“I’m graduating next year. And this may sound nuts. But I wonder if you and Angela would consider not selling the condo?” he asked.

“Are you planning to get a job down here?” Denise asked.

“Yes, that’s the plan. I want to work in LA and move into Castle Green,” he said.

“I see nothing wrong with that. I only wanted to sell to help you and your mother. But if this condo can give you a fresh start in life, and if your mother agrees, why of course you can live here. As you know the mortgage is fully paid off,” Denise said.

“I researched salaries and the average starting salary for a landscape architect is high 40s, low 50s,” he said.

“Your HOA is about $1,000 a month. With utilities add another $300. Property taxes come out to about $80 a month. If you can swing $17,000 a year you can afford to live here,” Denise said.

He hugged her.

“Thank you so much. I will be super responsible and you won’t have any trouble from me. This is so exciting! My own apartment in a new city! I have an offer with Yanez Architects, in Culver City, next to the Expo Line light rail. I won’t even need a car. I date the owner’s daughter, Sophia,” he said.

Angela bunted Adam’s pitch.

“Adam is also minoring in Real Estate Development, and has taken courses in finance and land development,” she said, tag teaming his ambition, diligence and business minded strategy.

“I like what I hear,” Denise said in firm corner office voice, evincing family pride.

“I’m making some changes in my own life. I plan to leave the firm, sell my Beverly Hills condo, and explore other options. I discovered, after nearly 20 years, that I despise working as a tax attorney. Hate it. I tried to get out of it, into entrepreneurial ventures that crashed and burned,” Denise said.

“Anything else happening in your life?” Angela asked.

“Isn’t that enough? Let me treat you both to Sushi Michi,” Denise said.


On the road back to Tuscon, he drove, she slept.

He timed it, so they came across the state line at golden hour, as glorious light washed over the Sonoran Desert, the furious heat surrendering to dusk, dry wind, and the coming of night.

He exited I-10, in the red pickup, onto slower US-60, window opened, elbow resting, steering one handed, peering over the land, surveying the natural inhabitants he knew by name: cactuses saguaro, yucca, organ pipe, ocotillo, prickly pear, pin cushion, staghorn, buckhorn and rainbow.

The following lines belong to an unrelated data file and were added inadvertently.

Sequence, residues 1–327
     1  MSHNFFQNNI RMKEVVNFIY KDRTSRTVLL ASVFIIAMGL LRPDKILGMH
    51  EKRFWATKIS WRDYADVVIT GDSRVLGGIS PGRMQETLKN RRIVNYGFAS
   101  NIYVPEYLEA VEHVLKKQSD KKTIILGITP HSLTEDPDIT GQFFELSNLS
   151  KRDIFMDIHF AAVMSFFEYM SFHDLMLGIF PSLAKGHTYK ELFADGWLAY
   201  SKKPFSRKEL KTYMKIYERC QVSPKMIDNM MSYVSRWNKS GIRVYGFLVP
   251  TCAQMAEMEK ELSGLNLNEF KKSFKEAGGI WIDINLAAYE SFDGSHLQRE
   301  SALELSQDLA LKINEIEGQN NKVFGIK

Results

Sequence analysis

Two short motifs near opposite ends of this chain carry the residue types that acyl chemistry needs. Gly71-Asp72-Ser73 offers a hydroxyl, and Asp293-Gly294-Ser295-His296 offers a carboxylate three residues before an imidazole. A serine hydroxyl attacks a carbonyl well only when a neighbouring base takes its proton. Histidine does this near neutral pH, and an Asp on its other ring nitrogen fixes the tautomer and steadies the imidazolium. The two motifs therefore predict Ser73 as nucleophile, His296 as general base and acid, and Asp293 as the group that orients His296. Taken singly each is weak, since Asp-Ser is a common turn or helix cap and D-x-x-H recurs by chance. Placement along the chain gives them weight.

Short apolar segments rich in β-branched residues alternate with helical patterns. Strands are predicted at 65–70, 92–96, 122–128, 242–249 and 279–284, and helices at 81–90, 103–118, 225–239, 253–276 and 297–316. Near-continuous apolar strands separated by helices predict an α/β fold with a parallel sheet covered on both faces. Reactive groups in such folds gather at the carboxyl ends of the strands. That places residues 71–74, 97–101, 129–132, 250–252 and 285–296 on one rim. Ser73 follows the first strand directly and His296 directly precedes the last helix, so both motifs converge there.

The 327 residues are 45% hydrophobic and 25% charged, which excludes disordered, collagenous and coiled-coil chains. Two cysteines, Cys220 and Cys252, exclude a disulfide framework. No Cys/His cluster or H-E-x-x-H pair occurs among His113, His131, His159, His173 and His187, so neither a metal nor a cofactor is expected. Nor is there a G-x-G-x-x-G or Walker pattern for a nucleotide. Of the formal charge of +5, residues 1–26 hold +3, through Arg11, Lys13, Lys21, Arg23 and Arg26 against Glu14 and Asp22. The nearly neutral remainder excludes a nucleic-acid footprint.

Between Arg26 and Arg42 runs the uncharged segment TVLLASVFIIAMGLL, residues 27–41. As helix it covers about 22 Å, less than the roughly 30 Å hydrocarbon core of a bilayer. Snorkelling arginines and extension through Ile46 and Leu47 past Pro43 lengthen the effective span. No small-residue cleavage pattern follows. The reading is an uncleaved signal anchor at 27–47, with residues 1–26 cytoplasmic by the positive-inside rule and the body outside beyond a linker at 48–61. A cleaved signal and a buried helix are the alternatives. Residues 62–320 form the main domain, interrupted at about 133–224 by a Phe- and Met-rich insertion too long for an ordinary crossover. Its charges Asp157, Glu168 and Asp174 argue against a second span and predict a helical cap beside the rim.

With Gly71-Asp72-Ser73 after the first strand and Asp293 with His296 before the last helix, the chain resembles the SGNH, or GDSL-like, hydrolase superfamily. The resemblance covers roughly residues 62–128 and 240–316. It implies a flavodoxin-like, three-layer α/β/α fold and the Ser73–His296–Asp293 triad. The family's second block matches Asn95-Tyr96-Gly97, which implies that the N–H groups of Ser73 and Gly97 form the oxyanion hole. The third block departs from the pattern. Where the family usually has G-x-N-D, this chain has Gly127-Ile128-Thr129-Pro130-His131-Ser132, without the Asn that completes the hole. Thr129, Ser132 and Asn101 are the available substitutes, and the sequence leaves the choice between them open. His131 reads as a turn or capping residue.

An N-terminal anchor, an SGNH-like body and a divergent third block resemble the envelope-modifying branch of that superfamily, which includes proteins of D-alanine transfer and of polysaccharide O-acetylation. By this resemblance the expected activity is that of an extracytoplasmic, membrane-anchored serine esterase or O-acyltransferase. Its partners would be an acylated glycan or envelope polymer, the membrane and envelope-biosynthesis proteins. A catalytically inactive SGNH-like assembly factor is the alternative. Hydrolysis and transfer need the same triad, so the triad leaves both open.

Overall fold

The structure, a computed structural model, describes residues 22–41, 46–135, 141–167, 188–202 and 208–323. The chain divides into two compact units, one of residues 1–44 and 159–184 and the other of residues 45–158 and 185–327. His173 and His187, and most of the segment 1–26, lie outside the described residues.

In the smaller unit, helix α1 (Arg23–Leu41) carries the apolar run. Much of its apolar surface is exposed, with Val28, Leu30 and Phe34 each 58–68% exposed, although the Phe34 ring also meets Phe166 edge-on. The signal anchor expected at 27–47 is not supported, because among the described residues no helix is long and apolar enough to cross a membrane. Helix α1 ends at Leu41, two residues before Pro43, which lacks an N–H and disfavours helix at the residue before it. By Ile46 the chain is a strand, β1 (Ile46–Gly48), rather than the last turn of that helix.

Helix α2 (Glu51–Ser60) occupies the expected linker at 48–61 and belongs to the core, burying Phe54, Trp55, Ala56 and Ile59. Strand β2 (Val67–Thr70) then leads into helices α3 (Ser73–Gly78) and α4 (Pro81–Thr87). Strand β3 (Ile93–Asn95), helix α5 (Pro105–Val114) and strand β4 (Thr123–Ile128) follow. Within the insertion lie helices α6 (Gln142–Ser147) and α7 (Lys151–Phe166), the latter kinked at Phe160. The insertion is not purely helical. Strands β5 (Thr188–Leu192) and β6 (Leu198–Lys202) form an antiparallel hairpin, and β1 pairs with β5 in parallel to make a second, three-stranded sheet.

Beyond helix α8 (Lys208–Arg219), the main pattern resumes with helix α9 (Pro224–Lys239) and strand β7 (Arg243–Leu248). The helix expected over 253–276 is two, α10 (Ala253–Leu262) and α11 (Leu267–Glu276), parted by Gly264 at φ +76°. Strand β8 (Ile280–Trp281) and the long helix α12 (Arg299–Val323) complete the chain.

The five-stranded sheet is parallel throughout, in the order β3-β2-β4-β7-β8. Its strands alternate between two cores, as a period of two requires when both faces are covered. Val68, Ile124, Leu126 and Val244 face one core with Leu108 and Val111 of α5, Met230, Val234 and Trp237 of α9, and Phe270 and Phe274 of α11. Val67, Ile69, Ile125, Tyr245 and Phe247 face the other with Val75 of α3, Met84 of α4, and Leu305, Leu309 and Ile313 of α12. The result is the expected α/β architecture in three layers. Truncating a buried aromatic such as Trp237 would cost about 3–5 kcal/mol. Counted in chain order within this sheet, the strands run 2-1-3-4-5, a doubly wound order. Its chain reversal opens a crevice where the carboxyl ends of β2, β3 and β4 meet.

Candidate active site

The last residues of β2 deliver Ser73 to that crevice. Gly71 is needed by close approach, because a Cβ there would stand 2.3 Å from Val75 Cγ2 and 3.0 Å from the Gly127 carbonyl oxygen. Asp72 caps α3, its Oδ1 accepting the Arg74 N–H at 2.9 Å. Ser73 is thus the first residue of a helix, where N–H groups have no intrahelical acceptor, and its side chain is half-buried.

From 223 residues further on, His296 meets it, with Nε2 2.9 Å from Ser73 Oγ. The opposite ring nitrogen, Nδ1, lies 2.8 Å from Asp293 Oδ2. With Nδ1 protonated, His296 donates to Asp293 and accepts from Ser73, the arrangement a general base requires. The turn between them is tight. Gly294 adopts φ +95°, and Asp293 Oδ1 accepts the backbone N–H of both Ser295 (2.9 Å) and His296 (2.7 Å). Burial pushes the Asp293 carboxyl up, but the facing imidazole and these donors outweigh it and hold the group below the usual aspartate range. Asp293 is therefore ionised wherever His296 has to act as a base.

And Joshua Tree.

He needed to grab some food before they got home.

He pulled into Buckaroos Country Store and Sandwich Shop, a false fronted western market with cold drinks and hearty portions near Brenda, Arizona.

The gravel on the tires was loud. But Angela slept.

He parked, took his wallet and keys, locked the door, and went inside.

She woke up, disoriented, looked around, and saw the store sign.

Everything from their two-day visit to Castle Green imploded in her mind: Adam, Denny, Denise, Werner, Giovanna and Tommy.

Everything was unsettled.

Only love remained: bruised, battered, resilient.

She just had a wonderful, sensual dream, fresh in her mind, lovemaking with Denny, set to soundtrack: so in love, so in love, so in love with you am I.

Long ago and far away, she had run away from Castle Green and woke up in Solana Beach with the boys from Zunk-382, Drew and Louis.

Thoughts flew past.

Adam should get a DNA test.
Denise is going to prison.
I will visit her.
I will never stop loving her.
She did everything for me and dad.
Sometimes I acted like a spoiled child, resenting and comparing.
Denny might be my new boyfriend.
Adam will live at Castle Green.

What else are you hiding, my Castle Green?

All the random things, all the men, all the myths, yesterday would never be the same.

Night fell, flood lights went on, the parking lot was orange and strange.

Adam come out with a paper bag of groceries, like her parent.

She quickly closed her eyes and pretended to sleep, laying her head along the closed window, giving him that attitude he had in Blythe when she brought him red vines and coke.

He stood outside her door, bent down and peered into the passenger window. His shadow fell over her. She kept her eyes shut, bit her lip to hold it in, but her deceit failed.

“I know you’re awake,” he shouted.

And then she opened her eyes, and they both laughed, through the glass, knowing the game.